A Euler Brick is a cuboid where the length of all the edges are integers and all of the diagonals of the faces are integers as well. All sides must also be different.
Your program has to find as many different Euler Bricks where the sides are less than L within the time M (L and M will be defined later).
All of your calculated bricks have to be unique. This means that if your dimensions are the same, just in a different order, it must not be counted.
To calculate a brick means to find the lengths of the edges and the lengths of the diagonals of the faces of a valid Euler Brick.
Your bricks must also be indivisible by each other. In the same way that the Pythagorean triplet
6, 8, 10 is divisible by
3, 4, 5, your bricks must not be divisible by each other.
To test your program, I will need to the following:
- The language your code is written in
- A command to run your code
- Your code
Your score will be the average number of bricks your program calculates (running the program five times). To do this, I will run your program and end it after M minutes have elapsed. Once you have submitted your answer, I will add a comment on your answer telling what your score is. If you make an edit to your code, please notify me directly so I can find your score again.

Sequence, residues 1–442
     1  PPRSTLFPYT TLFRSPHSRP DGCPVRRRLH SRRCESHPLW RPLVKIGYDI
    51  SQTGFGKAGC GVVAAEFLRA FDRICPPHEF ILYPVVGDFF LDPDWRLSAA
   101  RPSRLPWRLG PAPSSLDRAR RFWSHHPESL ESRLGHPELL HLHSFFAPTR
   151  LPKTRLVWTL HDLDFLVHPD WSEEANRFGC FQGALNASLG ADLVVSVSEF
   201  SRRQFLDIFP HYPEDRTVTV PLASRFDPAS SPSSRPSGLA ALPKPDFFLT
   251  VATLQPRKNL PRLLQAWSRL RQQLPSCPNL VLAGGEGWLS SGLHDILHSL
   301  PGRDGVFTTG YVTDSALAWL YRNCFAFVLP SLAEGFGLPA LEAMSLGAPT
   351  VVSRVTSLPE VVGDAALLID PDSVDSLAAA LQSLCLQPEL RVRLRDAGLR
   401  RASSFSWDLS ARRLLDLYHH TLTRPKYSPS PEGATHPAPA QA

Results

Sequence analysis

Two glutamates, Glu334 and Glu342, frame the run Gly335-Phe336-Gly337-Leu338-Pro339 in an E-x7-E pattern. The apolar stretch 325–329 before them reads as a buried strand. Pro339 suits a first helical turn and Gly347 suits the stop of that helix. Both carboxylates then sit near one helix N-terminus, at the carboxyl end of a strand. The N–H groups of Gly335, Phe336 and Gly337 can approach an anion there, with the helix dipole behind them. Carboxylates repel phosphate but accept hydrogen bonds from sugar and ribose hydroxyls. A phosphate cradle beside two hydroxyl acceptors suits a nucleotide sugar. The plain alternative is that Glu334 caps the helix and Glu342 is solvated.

For that reason, I need your program to print the number of bricks either at throughout the running or at the end. This can be done like so (in Python it would help if people told me how to do this in other languages for this example):
# Calculation goes here
except KeyboardInterrupt: # I will use Ctrl-C
For this challenge
M=2 minutes. In the event of a tie, the actual time taken to calculate all of the bricks will be used. The lower time wins.
I will find your time using the script below. All programs will be tested on the same machine.
import time, subprocess
command = # How do you run your program?
1. Peter Taylor - 5731679685.5 bricks per minute
2. Steve Verrill - 680262303 bricks per minute
3. Beta Decay - 0.5 bricks per minute